Microsoft makes it easier to perform clean install of Windows 10

vbimport

#1

We’ve just posted the following news: Microsoft makes it easier to perform clean install of Windows 10[newsimage]http://www.myce.com/wp-content/images_posts/2015/07/myce-windows-10-here-95x75.png[/newsimage]

To make it easier for Windows 10 users to perform a clean installation of the OS, Microsoft today released a new tool called the ‘Refresh Windows Tool’. Microsoft announced the new tool together with the release of a new Windows 10 Insider Preview version.

            Read the full article here: [http://www.myce.com/news/microsoft-makes-easier-perform-clean-install-windows-10-79717/](http://www.myce.com/news/microsoft-makes-easier-perform-clean-install-windows-10-79717/)

            Please note that the reactions from the complete site will be synched below.

#2

Hmm, you have that option as part of problem solving once Windows 10 is installed anyway and so I fail to see the news here :confused:


#3

what a shame it isn’t doing something to stop taking control of customers machines and what is installed. a friend of mine just updated his windows 10 and found that his legitimate office 2003 had been uninstalled and office 360 had been installed in it’s place! when contacting Microsft, he was told by their representative that not only could this not happen but that office 2003 wouldn’t work on Windows 10. very strange answer that, seeing as how he has been using it since buying the machine about 3 months ago!!

seems to me more like another example of Microsoft taking over and doing what it wants and not what it’s supposed to do. makes me suspect that the whole reason of Windows 10 is to be able to stop customers doing and using what they want on their own computers!

all the surveillance and spying tactics employed in this version of Windows is probably done at the behest of the NSA or similar security force so it can then use all the data that is being collected on customers, because Congress has wound in what can be done and what cant by those forces. why do you think it is that the UK is falling over itself to implement new laws that allow constant surveillance and hoovering up of everyone’s data from everywhere, not just the UK? all to please the USA and screw their own people!!


#4

While the picture is somewhat more detailed on the subject, like Windows 10 being more of an ad to draw attention to the Microsoft Store thus making money for them, we can still say no by refusing to buy from it and thus ban the use of universal apps. This is M$ nod and envy towards the Apple and Android stores as Microsoft would rather get a cut on every sale done, more so than like it has been where they get none.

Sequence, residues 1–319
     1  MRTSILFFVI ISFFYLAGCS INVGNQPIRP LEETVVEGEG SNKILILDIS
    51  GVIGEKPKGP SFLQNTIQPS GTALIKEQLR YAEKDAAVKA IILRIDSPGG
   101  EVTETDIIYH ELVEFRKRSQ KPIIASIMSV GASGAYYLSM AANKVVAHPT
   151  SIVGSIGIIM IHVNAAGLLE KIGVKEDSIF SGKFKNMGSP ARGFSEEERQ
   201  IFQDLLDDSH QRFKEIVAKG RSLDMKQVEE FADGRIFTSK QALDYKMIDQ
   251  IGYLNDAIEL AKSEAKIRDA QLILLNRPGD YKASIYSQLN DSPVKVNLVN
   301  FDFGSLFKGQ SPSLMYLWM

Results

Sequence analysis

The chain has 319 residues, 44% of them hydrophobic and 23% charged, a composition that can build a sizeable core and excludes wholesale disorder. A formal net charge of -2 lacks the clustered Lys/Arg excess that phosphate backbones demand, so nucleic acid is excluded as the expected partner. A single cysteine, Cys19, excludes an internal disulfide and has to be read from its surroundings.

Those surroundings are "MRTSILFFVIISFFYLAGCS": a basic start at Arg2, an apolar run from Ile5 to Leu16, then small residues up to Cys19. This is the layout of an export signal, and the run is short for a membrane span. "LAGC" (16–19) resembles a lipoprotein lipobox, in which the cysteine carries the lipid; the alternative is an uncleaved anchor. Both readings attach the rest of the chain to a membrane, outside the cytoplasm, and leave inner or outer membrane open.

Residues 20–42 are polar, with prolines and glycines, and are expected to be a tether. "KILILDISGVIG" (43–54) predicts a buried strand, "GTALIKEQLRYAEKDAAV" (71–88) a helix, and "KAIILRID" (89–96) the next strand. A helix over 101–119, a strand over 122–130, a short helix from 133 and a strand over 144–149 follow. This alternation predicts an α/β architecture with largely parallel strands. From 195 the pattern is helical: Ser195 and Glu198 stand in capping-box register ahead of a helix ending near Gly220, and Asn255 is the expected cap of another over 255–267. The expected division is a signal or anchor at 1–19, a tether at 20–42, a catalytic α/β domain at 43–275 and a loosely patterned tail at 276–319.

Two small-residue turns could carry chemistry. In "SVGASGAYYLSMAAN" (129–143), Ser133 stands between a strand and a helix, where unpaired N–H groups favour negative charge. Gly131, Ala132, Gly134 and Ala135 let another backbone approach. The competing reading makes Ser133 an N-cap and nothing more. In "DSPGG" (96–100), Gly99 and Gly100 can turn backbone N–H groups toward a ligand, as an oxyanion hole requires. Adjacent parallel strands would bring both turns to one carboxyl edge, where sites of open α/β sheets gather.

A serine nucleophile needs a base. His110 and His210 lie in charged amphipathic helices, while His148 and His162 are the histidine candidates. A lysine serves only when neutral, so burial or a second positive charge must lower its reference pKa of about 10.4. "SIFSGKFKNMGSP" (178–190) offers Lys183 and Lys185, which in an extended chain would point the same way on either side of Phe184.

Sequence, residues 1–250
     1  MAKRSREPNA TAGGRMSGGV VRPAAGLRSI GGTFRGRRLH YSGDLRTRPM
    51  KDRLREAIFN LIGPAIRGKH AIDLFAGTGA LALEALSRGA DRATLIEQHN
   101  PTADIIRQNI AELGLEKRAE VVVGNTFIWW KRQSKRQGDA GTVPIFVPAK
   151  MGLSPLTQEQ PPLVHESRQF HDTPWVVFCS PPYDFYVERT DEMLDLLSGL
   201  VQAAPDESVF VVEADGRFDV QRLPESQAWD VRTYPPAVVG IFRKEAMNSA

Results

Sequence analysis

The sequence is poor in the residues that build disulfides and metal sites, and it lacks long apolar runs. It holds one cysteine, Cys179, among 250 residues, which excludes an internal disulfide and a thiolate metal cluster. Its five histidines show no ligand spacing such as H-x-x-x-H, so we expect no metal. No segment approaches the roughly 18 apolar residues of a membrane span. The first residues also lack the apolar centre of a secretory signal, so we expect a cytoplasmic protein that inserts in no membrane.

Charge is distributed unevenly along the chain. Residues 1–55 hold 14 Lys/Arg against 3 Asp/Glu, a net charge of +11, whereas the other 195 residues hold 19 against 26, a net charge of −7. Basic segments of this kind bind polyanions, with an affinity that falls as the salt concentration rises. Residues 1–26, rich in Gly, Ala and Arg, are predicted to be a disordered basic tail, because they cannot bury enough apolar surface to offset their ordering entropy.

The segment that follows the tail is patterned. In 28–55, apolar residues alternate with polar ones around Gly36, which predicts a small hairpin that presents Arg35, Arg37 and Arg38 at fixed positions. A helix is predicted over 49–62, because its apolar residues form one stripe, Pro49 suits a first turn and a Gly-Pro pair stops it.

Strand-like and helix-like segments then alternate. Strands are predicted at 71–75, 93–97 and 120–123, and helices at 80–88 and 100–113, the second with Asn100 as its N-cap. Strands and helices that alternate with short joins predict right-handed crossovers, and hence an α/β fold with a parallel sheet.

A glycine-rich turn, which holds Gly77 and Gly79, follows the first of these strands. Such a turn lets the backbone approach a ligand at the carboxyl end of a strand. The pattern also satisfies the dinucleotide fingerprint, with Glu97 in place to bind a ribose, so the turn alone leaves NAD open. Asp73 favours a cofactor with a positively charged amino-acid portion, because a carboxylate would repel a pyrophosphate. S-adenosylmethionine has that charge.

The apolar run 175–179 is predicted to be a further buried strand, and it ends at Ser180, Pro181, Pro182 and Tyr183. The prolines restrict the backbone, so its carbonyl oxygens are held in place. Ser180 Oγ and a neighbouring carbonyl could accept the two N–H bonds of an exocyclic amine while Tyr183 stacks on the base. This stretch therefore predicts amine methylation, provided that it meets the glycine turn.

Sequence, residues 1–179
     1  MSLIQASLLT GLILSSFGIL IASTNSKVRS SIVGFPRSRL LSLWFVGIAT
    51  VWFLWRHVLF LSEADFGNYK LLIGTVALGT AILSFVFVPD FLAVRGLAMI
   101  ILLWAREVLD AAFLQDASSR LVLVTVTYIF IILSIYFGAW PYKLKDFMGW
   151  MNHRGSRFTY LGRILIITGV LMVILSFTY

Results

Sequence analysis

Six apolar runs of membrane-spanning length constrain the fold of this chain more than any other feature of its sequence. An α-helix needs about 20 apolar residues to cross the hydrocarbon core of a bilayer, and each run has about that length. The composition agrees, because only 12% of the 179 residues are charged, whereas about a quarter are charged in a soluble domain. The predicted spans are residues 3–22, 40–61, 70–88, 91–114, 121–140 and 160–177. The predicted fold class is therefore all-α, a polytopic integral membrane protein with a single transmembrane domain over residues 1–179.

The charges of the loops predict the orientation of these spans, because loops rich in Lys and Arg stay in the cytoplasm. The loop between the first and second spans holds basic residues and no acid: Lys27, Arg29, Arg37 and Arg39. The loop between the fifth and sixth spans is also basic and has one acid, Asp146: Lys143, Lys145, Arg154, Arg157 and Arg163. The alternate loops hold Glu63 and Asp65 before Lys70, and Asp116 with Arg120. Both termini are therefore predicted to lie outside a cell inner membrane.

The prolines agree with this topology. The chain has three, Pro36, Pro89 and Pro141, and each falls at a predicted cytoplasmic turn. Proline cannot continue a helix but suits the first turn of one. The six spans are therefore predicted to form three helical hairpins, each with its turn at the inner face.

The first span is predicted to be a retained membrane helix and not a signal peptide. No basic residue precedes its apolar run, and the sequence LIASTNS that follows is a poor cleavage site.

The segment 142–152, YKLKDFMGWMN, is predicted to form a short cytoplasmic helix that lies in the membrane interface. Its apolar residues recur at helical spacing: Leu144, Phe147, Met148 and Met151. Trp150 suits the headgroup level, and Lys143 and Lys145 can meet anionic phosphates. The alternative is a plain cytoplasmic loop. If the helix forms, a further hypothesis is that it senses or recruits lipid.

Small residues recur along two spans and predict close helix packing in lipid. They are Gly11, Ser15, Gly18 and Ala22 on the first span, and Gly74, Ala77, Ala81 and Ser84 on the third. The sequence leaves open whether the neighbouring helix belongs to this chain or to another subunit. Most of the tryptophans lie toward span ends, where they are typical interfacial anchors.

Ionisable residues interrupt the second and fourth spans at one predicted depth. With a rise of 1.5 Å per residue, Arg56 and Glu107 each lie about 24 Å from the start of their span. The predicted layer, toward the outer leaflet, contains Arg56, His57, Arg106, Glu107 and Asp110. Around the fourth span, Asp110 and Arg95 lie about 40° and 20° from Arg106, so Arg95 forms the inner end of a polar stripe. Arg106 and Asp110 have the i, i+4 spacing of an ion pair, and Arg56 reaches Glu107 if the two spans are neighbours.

As far as uninstalling programs, I have found quite a few that really does not need to be uninstalled, like forefront security which is 100% compatible, all the way to what they want to get rid of but still works unless Windows knows it is installed. I do think, since 2003 is out of support, it may develop issues, but by turning off various stuff like compatibility assistant and other stuff, most of it should continue to work (maybe apart from Outlook, I would not know).
In this case, being a Microsoft program, they are somewhat cornered as most customers would come whining that this and that does not work anymore no matter the life-cycle and so I can understand why they choose to uninstall it. What even I can not understand is how Office 365 got installed as that should be a choice to make for the user by selecting a ‘Office’ start menu choice with a new icon at best, not getting installed as part of the upgrade.

For you to be able to reinstall and keep your old installs, I would start with turning off the Compatibility Assistant as per this thread, but before you start please make a backup :flower:

Now, as far a telemetry collection goes, unless you want it dead silent at the network card (update checks, error reporting etc.) O&O ShutUp10 will let you regain control and so the picture is not entirely black and white.
With that said, I think they collect way too much ‘out of the box’ and so I agree to parts of your post.


#5

[QUOTE=kevpc;2776432]…

seems to me more like another example of Microsoft taking over and doing what it wants and not what it’s supposed to do. makes me suspect that the whole reason of Windows 10 is to be able to stop customers doing and using what they want on their own computers!

all the surveillance and spying tactics employed in this version …!![/QUOTE]

most people just don’t fully understand what ‘Windows as a Service’ means - the implications are much deeper than expected.